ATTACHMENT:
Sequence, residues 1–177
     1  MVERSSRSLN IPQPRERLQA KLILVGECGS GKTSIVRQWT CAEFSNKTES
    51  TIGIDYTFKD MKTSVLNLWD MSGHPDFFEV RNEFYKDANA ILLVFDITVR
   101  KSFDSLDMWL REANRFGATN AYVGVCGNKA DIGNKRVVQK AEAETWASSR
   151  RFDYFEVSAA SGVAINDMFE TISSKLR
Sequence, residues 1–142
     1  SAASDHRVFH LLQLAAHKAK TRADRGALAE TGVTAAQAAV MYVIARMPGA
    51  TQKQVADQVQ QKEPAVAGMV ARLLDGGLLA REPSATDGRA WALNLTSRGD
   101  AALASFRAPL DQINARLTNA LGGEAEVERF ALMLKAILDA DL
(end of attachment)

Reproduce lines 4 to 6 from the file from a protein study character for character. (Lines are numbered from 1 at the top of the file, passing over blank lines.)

   101  KSFDSLDMWL REANRFGATN AYVGVCGNKA DIGNKRVVQK AEAETWASSR
   151  RFDYFEVSAA SGVAINDMFE TISSKLR
Sequence, residues 1–142